The Harvard Joint Center for Housing Studies recently released a report on how the real estate market is responding to increasing numbers of seniors, ages +65 years. By 2035, it is anticipated that one in three households will be headed up by a person 65 years and older…today, it’s one in five households. That’s a 20% to 33% increase in just 20 years!
Both senior homeowners and renters require building and renovation remediation to meet the needs of this aging demographic. For example, only 1% of all houses in the country are currently equipped with no-step entrances, single floor living, wide hallways and doorways to accommodate wheelchairs. By 2035, more than 31 million homes will be occupied by a person with some sort of disability…a 76% increase from today’s numbers. There will be more senior single heads of households and there will be more senior renters. Plus, many will live and age in low-density locations that lack transportation, medical and other neighborhood services.
So, what to do? Heather Brin, principal architect for Aging in Place Architecture in Port Jefferson, NY, says that construction planning and renovations for seniors are about “…enabling seniors to maintain their independence.” Since 85% of seniors want to stay in their homes to age-in-place, according to AARP, houses must be adapted to senior needs. Replace door knobs with door levers, install grab bars in bathrooms, lower kitchen and bathroom counter tops to 34” high rather than the standard 36” height, create a walk-in shower, create a wide ledge around the bathtub, put in extra lights, create color contrasts (light cabinets with a dark back splash) and consider pull out, sliding shelves in the cabinets.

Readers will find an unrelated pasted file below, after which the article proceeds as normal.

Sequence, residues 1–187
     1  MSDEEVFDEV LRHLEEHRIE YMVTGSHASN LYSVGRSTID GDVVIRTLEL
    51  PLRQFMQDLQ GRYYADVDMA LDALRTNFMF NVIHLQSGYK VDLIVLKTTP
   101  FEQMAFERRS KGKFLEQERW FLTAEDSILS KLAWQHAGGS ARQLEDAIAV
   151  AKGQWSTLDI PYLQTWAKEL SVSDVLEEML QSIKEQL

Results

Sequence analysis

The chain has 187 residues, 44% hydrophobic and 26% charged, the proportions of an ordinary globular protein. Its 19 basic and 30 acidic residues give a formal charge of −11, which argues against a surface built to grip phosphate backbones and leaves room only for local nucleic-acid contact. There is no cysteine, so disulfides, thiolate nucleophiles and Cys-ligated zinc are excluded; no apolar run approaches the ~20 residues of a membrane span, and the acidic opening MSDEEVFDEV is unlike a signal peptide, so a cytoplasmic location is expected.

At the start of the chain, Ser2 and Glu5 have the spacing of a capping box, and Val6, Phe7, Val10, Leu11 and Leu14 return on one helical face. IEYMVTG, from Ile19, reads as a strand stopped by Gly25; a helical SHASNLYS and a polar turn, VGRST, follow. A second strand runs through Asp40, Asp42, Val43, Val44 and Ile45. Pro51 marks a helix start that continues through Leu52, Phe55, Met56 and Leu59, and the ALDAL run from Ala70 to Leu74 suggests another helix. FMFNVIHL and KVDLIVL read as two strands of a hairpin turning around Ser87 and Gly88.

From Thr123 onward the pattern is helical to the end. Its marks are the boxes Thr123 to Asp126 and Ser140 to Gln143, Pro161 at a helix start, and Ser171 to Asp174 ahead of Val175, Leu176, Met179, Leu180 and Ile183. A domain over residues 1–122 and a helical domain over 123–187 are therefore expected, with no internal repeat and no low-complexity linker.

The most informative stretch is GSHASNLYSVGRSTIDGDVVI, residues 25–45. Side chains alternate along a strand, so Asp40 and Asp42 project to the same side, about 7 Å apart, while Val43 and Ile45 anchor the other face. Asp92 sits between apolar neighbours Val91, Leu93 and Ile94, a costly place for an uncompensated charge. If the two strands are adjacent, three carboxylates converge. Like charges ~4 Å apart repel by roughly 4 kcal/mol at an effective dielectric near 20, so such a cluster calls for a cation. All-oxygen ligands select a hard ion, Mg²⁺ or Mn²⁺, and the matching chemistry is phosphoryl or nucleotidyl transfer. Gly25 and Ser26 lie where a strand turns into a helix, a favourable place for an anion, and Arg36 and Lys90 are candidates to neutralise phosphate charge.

What’s currently being done? New constructions projects in places like Pima County, Arizona are offering multi-generational homes in which the older family member(s) live on the first floor and the younger family members live on the second/third floors. Some existing communities are developing peer networks built upon the Beacon Hill Village model whereby senior neighbors pool their yearly membership fees (ranging from discounted prices of $125./single to $975./couple) to access group rates on rides, groceries, computer/TV help, cleaning services, etc. Additionally, senior peer networks combat isolation. Such models are currently expanding to 40 states.